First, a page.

Bangladesh and Pakistan: The Asian Phoenix and the Falling Star

by Antariksh Singh

In the wake of the COVID-19 pandemic, the global landscape has changed drastically, and this change has been no less drastic for the South Asian region. Two countries, Bangladesh and Pakistan, once part of the same nation, now stand worlds apart in their trajectories.

Bangladesh, once deemed a “basket case” by US National Security Adviser, Henry Kissinger in 1972, has become the shining beacon of South Asia, an Asian Phoenix, rising from the ashes of the past. The country’s growth rate was significantly higher than Pakistan’s even before the pandemic, and by May 2021, its foreign exchange reserves hit a record $45.10 billion, dwarfing Pakistan’s reserves of $17.1 billion in June 2021. Bangladesh’s economy has increased by 271 times over 50 years, demonstrating a consistent and resilient growth trajectory.

Despite sharing many of the same challenges as Pakistan, such as messy politics, weak public administration, and high corruption, Bangladesh has managed to transform itself into an economic powerhouse. By focusing on its labor-intensive light manufacturing industry, it has become the world’s second-largest clothing exporter behind China. It’s a testament to their innovative approach that Bangladesh, a country that does not grow cotton, has thousands of garment factories, contributing significantly to its $35 billion in exports.

In stark contrast, Pakistan, once a promising post-colonial state, is now mired in political turmoil and economic instability. Its downfall can be attributed to a combination of corrupt leadership, irresponsible fiscal policies, and the economic impact of terrorism. Furthermore, Pakistan’s excessive reliance on domestic and foreign debt, fueled by overconsumption and import-intensive policies, has led to unsustainable external debt, further weakening its economy.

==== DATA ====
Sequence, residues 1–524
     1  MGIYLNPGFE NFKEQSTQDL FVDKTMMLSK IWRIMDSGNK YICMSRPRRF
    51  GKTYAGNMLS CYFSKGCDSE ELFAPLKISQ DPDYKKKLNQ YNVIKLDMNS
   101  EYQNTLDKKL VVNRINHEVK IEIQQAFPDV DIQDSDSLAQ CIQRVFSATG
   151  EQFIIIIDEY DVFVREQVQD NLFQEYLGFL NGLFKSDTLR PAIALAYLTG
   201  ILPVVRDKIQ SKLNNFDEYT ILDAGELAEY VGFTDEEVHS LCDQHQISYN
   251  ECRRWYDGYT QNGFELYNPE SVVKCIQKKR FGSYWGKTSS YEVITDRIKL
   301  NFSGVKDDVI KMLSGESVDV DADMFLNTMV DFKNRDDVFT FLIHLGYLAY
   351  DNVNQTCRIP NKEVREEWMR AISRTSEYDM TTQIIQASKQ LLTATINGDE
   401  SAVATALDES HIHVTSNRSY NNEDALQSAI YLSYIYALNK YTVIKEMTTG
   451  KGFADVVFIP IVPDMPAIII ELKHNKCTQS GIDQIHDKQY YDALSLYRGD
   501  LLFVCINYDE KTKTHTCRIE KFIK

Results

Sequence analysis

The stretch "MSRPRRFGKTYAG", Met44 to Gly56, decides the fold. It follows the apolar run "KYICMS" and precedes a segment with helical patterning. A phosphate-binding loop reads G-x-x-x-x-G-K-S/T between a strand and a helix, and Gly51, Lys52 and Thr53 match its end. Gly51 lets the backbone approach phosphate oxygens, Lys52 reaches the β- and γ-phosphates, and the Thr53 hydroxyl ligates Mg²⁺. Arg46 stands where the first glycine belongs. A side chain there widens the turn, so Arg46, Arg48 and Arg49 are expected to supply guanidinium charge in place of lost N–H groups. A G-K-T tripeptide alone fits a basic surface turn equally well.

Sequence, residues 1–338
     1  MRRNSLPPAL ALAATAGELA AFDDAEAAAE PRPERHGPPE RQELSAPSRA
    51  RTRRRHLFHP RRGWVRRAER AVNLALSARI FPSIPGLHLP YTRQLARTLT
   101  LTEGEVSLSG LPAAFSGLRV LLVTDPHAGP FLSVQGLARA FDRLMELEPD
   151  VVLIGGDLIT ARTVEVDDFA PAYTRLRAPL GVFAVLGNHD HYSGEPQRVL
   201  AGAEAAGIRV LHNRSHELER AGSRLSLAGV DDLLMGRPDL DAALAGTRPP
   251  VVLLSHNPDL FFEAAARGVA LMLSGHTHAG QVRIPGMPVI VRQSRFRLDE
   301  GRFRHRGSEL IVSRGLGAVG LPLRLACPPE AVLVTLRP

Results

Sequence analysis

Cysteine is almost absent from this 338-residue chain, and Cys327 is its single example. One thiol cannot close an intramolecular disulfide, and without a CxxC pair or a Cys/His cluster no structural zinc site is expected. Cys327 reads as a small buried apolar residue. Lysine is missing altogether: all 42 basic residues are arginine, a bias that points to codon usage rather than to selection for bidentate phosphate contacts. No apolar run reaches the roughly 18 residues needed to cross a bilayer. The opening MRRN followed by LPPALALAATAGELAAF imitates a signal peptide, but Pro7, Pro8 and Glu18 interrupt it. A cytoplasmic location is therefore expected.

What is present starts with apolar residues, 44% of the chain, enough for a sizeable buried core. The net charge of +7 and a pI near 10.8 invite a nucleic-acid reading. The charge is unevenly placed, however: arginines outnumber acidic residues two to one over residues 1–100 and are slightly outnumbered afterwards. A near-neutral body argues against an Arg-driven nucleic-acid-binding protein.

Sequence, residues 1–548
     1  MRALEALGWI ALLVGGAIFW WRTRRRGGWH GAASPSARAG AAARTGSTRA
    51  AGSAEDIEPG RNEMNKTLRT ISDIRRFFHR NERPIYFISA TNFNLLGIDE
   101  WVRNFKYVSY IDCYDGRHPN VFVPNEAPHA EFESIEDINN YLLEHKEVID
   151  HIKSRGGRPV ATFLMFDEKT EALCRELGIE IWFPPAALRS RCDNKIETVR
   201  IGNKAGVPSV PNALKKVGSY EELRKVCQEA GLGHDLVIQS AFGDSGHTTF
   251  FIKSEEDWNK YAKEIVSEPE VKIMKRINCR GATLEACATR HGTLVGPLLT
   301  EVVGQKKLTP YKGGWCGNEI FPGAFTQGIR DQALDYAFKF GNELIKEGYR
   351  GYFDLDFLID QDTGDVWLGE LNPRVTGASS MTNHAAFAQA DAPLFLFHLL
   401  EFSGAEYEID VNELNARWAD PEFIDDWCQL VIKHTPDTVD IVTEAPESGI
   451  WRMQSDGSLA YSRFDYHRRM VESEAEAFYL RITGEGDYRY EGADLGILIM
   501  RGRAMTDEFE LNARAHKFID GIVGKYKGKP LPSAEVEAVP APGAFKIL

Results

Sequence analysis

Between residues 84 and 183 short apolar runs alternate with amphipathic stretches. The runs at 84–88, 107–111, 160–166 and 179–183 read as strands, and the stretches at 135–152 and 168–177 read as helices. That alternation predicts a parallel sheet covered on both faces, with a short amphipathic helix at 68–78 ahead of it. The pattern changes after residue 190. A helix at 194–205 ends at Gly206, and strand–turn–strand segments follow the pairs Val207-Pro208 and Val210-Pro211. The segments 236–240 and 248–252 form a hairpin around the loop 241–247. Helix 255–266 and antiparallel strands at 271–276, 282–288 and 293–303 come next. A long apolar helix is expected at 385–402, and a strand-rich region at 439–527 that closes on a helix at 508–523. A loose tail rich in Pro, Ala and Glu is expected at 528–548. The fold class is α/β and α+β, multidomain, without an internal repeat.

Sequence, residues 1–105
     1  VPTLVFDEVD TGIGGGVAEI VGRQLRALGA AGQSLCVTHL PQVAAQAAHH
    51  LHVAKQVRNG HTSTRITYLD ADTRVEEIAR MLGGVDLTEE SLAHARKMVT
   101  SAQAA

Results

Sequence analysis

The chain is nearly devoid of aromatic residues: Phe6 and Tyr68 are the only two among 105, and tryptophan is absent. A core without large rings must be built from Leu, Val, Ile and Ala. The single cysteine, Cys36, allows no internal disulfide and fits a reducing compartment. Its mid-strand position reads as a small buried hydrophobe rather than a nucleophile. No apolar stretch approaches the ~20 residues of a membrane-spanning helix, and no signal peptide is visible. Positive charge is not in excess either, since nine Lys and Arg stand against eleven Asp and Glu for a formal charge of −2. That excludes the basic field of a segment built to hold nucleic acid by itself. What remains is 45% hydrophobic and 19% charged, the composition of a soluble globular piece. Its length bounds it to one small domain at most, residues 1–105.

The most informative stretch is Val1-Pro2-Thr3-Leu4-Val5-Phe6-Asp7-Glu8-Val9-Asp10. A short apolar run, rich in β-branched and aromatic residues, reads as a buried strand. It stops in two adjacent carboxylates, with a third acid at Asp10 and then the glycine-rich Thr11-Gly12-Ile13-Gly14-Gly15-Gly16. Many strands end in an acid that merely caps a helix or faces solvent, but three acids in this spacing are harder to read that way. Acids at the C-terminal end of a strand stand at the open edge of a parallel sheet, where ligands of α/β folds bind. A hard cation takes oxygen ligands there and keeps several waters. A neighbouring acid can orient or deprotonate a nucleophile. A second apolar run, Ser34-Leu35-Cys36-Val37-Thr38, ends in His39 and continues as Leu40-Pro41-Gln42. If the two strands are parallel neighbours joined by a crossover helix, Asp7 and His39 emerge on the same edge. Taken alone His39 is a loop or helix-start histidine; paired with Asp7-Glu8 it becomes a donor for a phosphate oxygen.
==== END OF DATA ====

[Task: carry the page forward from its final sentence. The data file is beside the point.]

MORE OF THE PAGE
Islamic outfits in Pakistan have made an unlivable environment for religious minorities through targeted killings, abductions, and forced conversions. Attacks on minorities, especially Sikhs, have become a regular affair in the country and it has triggered tension among communities.

Another area where Bangladesh has outshone Pakistan is in population planning. Despite having a larger population in the 1951 census, Bangladesh, through effective population planning campaigns, has managed to keep its population at 165 million, compared to Pakistan’s 200 million. Moreover, the share of women in the labour force has consistently grown in Bangladesh, while it has decreased in Pakistan, further differentiating their economic paths.

Bangladesh and Pakistan’s divergent paths highlight the importance of effective leadership, prudent fiscal policies, and a commitment to human development. While Bangladesh has focused on economic growth, improving health, and reducing unemployment, Pakistan’s priorities have been skewed towards regional power struggles, thus ignoring the development of its human capital.

Bangladesh’s journey serves as a prime example for other developing countries struggling to establish a stable and prosperous economy. It shows that with the right policies, a country can overcome challenges and transform itself into a global economic powerhouse.

In contrast, Pakistan’s story is a cautionary tale, a stark reminder that neglecting human development, promoting irresponsible fiscal policies, and tolerating corruption can lead a country down the path of economic instability and political turmoil. Unless Pakistan changes course, it risks falling further behind not only Bangladesh but other developing countries as well.

Antariksh Singh

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